Today is Palm Sunday, the beginning of Holy Week 2023. It starts with the   triumphal entry into Jerusalem and ends with the tragic death on Calvary.

 In a sense, it is very strange that this week should be called “holy”.  As we walk through it – and I hope we all will – unfolding before our eyes will be a scene of     deception and dishonor, betrayal and denial, political expedience and religious corruption, all of which culminates in the greatest crime of all history – the death of God’s Son.  Judged by the scenery, this could easily be called anything but holy.  But the strength and courage of one man – Jesus – took those seven days of shame and transformed them into Holy Week.

In the Garden of Gethsemane Jesus prayed to be spared the shame and suffering of the cross, but He closed His prayer with the most meaningful sentence: “Not my will but yours be done”.

All of His life Jesus had practiced and preached faith in God the Father.  He believed that the same God who feeds the birds and dresses the flowers could be trusted for the daily necessities of life.  He told the story about a father who met his wayward son with open arms and welcomed him back into the family.  Jesus believed that God could be trusted to forgive and accept even the worst of sinners.

Faith in God, the Father, had always been a part of Jesus’ life, as natural it seemed as breathing.  But the real test came that night in the garden of Gethsemane. It is one thing to trust God amid the flowers of Galilee; it is another thing to trust God under the shadow of the cross.  It is one thing to trust God in the good times; but it is another thing to trust Him in the bad times.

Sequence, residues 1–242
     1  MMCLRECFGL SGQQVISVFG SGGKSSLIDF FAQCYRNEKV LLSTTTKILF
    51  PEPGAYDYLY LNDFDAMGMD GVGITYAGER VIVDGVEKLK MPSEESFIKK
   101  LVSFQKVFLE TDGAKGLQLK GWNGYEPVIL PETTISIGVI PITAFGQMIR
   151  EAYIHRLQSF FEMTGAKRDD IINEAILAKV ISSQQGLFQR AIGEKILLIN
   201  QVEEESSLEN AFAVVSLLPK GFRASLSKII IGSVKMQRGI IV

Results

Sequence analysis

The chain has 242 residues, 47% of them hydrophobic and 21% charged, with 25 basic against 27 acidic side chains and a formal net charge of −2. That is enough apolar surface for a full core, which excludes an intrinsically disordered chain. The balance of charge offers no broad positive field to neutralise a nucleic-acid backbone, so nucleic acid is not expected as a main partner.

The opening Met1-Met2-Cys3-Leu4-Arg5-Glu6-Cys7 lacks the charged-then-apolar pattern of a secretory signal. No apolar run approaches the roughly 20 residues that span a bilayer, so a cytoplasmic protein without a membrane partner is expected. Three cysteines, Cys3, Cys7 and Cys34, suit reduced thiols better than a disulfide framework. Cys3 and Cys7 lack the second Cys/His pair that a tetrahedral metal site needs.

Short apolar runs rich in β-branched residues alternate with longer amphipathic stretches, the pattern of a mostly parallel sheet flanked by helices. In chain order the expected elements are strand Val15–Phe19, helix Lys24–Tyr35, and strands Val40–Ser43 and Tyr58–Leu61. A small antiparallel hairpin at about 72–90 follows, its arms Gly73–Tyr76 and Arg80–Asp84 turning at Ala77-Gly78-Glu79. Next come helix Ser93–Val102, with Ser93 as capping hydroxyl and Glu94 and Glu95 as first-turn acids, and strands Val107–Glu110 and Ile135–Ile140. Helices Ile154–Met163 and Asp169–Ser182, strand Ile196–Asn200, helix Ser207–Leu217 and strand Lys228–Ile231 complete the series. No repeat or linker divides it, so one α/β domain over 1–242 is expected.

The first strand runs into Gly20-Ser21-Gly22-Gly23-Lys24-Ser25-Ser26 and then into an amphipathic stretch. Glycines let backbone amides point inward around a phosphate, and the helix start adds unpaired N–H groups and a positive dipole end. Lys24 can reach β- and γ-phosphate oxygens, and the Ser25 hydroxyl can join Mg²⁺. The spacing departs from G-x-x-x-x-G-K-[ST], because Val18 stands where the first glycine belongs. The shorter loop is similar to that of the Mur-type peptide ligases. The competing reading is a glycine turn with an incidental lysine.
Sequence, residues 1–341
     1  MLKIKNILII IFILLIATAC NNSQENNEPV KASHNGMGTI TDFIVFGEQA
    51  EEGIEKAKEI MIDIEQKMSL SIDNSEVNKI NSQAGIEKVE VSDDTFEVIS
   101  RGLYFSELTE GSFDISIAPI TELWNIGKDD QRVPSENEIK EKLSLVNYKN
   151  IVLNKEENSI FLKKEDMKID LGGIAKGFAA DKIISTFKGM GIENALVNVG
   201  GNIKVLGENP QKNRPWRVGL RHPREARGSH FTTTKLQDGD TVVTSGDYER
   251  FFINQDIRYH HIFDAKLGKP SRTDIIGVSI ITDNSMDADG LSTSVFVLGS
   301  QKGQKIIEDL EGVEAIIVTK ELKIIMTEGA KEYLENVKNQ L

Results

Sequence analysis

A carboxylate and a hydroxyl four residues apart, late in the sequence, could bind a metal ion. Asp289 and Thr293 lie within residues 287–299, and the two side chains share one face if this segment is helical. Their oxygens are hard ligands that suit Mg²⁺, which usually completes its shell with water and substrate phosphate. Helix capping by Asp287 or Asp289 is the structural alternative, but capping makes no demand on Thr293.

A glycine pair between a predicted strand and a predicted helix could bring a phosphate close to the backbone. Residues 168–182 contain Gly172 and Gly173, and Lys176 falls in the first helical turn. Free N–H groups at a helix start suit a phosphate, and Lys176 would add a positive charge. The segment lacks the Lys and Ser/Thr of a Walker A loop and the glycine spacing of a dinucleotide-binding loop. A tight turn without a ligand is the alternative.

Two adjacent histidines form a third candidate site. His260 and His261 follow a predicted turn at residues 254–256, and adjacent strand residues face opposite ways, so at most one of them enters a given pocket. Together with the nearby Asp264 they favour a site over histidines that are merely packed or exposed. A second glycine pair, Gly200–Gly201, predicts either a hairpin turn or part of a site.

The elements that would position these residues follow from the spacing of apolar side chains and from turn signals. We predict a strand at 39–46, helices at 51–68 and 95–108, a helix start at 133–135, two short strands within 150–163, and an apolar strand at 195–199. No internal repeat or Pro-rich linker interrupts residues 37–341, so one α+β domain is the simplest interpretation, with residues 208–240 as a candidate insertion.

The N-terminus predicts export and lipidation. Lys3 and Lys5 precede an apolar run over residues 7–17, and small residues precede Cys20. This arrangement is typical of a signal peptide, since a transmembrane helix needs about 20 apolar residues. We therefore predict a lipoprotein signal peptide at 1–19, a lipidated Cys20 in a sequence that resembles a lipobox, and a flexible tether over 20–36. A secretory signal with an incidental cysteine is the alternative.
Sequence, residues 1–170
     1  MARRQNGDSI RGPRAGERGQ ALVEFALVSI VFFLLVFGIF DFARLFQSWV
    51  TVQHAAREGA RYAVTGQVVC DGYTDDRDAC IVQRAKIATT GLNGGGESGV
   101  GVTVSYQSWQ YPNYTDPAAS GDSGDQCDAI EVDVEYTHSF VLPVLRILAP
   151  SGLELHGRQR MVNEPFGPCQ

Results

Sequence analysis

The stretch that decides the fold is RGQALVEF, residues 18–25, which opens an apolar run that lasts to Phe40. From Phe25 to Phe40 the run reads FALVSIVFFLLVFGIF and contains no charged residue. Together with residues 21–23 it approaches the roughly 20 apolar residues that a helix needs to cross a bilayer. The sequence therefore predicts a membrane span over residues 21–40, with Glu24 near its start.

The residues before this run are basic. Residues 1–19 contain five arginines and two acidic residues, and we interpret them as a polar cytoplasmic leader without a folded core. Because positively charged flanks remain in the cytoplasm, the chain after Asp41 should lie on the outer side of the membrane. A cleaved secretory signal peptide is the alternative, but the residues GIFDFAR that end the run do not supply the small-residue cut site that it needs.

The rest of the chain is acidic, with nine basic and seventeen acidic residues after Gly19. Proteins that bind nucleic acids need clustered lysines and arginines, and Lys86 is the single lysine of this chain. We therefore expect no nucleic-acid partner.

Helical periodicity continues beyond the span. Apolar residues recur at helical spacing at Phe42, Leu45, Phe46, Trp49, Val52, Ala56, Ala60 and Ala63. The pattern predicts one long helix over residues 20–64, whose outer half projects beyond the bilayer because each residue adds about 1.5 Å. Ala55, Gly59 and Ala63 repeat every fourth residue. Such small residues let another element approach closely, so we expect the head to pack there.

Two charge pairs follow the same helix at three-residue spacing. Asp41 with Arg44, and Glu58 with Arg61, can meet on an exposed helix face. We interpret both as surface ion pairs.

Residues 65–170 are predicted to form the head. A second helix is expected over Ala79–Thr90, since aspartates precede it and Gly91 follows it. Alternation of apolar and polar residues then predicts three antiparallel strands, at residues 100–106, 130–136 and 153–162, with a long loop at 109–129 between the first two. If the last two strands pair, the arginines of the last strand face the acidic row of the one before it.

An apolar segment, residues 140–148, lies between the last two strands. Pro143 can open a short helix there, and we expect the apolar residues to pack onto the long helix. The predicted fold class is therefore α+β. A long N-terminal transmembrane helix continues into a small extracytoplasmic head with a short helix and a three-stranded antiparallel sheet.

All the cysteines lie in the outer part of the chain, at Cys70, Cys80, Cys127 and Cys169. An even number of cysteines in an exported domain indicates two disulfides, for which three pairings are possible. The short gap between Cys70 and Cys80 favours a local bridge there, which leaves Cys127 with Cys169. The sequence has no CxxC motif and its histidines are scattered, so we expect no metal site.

In the Bible, we find many examples of these two kinds of faith – those who trust God when all was going well, and those who turned to Him and trusted Him – even when life seemed to have caved in on them.  The first kind of faith doesn’t mean much unless it carries over into the second.  Anyone can trust God in fair weather; the real test comes in the storm.

In the Old Testament, the Book of Daniel tells a moving story of three young men who passed that test.  The King of Babylon built a golden statue and ordered all the people of Israel to bow down and worship it.  Shadrach, Meshach and Abednego, being three faithful young men, refused to obey that order.  The King was furious and threatened to throw them into a fiery furnace.  And here is what these three young men replied:  “Our God is able to deliver us and will deliver us; but even if He does not, we will never bow down”.  That is unconditional faith.  A faith we all need and a faith we need to transmit to the young today.

But the supreme example of faith in the midst of adversity is found in Jesus during Holy Week.  In the garden of Gethsemane Jesus faced the cross for our salvation and prayed “Father, if it be your will, take this cup from me; yet not my will but yours be done”.  His unwavering faith in God took those seven days of shame and transformed them into Holy Week.

So our faith ought to tell us that God is indeed our loving Father and that He will never stop loving us no matter what we do or have done.  He is always there for us and He is ever eager to accept, to forgive and to save.  So keep on trusting in God.  Keep on placing your unwavering trust in Him.  You will never be disappointed!